The fall of the Mauryan empire saw the emergence of numerous small and independent states in the whole Ganga Valley. It saw a remarkable revival in the fortunes of Panchala which once again came to occupy a very significant position in the history of north India. Panchala emerges at this time as one of the strongest powers in India. About 25 kings who have ruled during this period have left behind thousands of coins. During the period between the fall of the Mauryas and the rise of the Guptas, the Panchalas had two phases of power - first the pre Kushana phase i.e. from C-150 BC to AD 125 and secondly a short period of fifty years after the fall of the Kushanas, which ended in CAD 350 when Panchala was assimilated in the Gupta empire by Samudragupta.

Under the Guptas Ahichhatra was one of the provinces into which the Gupta empire was divided. The material evidence during the Gupta period at Ahichhatra does not give the impression that it was a large and prosperous centre like the preceding phase. The monuments under the Guptas are mainly religious indicating that Ahichhatra had then become mainly a religious centre.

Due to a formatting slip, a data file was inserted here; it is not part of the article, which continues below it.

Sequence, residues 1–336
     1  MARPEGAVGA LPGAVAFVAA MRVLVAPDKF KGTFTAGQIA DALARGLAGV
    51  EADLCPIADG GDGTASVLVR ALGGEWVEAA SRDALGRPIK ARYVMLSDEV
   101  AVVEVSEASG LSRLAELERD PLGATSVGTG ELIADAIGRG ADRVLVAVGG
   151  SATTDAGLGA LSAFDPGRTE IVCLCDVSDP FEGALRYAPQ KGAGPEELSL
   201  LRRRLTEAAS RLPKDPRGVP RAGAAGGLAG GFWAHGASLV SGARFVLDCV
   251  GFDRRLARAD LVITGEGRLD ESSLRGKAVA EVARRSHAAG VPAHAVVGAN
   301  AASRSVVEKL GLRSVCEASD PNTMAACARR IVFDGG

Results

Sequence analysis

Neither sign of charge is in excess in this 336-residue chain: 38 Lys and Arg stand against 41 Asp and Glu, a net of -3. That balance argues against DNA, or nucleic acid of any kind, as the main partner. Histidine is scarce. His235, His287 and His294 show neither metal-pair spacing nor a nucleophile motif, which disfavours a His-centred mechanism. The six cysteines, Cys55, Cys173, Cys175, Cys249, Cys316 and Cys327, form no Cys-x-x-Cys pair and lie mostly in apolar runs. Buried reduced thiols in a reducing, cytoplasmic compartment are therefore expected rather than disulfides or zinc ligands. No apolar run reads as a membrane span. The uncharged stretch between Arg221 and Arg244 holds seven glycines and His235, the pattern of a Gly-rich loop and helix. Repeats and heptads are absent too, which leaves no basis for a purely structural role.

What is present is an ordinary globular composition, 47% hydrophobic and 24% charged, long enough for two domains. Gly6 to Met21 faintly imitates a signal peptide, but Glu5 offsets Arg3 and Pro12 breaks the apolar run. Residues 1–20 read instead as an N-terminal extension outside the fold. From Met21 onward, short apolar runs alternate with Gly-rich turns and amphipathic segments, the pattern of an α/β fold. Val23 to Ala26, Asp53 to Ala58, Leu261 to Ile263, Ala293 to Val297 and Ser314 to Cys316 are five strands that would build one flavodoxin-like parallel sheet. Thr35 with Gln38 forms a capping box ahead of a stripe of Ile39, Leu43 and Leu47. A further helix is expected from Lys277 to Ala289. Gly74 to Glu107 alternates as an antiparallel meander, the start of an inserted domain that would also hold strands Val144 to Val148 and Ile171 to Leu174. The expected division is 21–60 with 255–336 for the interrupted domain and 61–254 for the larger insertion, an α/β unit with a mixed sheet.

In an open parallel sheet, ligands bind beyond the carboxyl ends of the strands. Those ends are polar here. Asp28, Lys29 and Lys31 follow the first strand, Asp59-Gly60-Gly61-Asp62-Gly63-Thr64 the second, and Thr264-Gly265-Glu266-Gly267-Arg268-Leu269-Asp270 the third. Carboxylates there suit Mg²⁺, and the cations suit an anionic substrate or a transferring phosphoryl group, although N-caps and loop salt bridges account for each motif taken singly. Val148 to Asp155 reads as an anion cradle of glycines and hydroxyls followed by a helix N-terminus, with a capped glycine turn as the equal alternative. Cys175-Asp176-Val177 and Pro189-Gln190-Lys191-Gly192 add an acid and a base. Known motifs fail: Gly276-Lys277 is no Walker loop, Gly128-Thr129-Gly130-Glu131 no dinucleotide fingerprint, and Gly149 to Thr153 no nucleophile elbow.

The amalgamation of several religious and popular beliefs may be observed through out the history of Panchala in ancient India. In addition to being associated with the activities of pravahana Jaivali, Gargayayana, Uddalaka etc. responsible for giving a distinctive touch to the later vedic thought, the region was also a prominent centre of popular beliefs such as the cult of Nagas, Yaksas and Vetalas. The Jain tirthamkara Parshvanath is said to have attained Kaivalya at Ahichhatra. The city was also influenced by Buddha and his followers. The remains of Buddhist monastries at Ahichhatra are quite extensive. The echoes of the Bhagavates and the Saivas at Ahichhatrra can still be seen in the towering monuments of a massive temples, which is the most imposing structure of the site.